A rare opportunity to view one of our country's most important documents continues through Jan. 1. The National Archives Rotunda Gallery is making the original emancipation proclamation available on it's 150th anniversary.
The fragile handwritten document can only be displayed for a few days each year because of its delicate condition. It will be on extended view New Year's Eve until 1 a.m. Tuesday morning, and then again from 10 a.m. to 5 p.m. on New Year's Day.
Tonight's viewing is in honor of a tradition that is traced back to Dec. 31, 1862, when abolitionists and enslaved people gathered together on what was known as Freedom's Eve in anticipation of the issuance of the proclamation at the stroke of midnight. When issued, it formally proclaimrf the freedom of all slaves held in areas of the country — many of which were still in revolt during the Civil War.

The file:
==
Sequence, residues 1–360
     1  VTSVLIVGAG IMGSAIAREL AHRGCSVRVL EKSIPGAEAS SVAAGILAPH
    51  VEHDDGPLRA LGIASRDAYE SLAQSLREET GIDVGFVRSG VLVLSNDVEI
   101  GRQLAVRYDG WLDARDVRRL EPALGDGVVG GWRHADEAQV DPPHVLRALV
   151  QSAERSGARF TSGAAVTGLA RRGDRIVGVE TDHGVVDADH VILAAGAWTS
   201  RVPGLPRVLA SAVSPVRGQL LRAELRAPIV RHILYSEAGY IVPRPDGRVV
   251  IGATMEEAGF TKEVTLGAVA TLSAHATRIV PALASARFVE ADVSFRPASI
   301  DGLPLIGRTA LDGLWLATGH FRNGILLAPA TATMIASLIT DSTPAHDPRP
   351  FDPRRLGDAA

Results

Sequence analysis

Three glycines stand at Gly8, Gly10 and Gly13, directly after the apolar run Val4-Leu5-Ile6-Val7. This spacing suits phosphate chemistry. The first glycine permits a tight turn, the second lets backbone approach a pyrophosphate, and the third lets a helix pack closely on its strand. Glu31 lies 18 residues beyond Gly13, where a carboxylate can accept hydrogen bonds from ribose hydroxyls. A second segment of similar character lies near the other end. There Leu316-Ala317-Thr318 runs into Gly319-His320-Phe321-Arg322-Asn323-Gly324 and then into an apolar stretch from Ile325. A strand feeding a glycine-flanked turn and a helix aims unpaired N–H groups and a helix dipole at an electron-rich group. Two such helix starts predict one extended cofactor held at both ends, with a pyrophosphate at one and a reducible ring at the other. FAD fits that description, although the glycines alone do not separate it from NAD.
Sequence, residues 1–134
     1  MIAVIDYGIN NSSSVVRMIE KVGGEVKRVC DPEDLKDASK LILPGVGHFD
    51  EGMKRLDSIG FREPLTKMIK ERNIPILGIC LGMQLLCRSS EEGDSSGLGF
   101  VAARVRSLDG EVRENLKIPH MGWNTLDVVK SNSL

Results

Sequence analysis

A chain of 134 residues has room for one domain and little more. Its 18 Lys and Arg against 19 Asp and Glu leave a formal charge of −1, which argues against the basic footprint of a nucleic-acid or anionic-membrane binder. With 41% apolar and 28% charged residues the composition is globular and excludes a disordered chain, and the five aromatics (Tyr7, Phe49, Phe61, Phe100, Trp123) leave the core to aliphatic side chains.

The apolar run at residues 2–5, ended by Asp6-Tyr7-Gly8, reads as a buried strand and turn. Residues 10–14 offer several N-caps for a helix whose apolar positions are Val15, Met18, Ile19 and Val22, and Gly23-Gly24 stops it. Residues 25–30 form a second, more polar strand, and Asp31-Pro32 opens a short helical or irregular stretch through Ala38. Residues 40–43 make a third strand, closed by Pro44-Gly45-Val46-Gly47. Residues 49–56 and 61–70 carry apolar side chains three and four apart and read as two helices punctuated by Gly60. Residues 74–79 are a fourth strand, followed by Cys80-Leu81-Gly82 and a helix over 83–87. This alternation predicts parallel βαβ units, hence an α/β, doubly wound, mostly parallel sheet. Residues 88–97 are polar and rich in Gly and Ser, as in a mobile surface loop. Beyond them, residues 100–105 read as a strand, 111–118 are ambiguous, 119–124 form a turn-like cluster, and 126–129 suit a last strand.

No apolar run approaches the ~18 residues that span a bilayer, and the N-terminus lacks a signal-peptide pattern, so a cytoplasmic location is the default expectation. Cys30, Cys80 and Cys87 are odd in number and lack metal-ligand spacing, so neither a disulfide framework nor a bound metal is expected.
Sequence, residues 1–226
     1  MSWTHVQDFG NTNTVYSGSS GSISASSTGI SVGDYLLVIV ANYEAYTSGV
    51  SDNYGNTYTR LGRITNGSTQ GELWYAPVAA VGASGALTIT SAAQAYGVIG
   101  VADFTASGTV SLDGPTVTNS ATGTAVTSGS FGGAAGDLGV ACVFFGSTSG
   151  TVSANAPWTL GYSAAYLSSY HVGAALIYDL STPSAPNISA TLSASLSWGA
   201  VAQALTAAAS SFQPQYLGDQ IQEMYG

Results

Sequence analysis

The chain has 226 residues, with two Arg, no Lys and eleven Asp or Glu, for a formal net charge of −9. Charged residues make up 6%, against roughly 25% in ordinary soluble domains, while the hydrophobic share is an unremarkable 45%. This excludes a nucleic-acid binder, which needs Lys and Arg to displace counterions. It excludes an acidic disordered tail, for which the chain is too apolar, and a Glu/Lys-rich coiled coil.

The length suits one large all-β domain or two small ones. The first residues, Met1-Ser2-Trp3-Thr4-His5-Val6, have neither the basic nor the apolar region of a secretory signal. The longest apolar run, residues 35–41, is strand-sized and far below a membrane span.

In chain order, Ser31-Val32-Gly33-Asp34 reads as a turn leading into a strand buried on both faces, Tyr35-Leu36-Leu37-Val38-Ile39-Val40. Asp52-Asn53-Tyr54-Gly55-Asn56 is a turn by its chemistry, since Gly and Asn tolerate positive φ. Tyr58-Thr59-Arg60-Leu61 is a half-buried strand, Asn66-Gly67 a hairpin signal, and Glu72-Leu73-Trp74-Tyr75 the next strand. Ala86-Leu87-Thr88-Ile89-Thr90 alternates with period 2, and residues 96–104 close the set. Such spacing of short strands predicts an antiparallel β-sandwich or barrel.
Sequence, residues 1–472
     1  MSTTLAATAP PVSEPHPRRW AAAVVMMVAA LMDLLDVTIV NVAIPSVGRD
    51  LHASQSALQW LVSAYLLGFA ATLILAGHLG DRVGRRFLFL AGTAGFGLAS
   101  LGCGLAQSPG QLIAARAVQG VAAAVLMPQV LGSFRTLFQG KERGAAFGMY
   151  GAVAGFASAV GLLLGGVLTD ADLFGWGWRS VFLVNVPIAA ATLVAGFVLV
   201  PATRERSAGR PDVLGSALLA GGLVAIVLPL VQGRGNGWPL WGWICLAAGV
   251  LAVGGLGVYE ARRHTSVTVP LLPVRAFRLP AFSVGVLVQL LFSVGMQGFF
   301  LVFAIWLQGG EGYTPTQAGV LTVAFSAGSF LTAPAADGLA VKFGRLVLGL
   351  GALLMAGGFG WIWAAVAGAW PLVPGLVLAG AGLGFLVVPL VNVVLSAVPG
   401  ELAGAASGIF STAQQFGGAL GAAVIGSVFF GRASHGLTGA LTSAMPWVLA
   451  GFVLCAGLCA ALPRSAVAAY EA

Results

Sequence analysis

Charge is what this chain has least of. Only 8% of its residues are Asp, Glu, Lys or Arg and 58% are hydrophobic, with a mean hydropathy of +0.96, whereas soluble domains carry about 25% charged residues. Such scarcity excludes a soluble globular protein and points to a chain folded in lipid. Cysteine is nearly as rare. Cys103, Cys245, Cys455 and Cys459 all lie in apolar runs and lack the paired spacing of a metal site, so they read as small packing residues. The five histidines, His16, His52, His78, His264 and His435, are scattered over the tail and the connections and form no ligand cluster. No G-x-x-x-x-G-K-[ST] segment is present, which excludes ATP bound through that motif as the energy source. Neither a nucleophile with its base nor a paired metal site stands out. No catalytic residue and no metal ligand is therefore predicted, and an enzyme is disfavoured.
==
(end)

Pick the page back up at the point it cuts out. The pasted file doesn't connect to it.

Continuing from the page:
While the Emancipation Proclamation didn't end slavery in the nation, it forced the issue to rise to the top of the wartime agenda, adding moral force to the Union cause. It was a significant milestone leading to the ratification of the 13th Amendment to the Constitution in 1865, formally outlawing slavery throughout the nation. Freedom's Eve eventually became known as Watch Night and is celebrated around the country.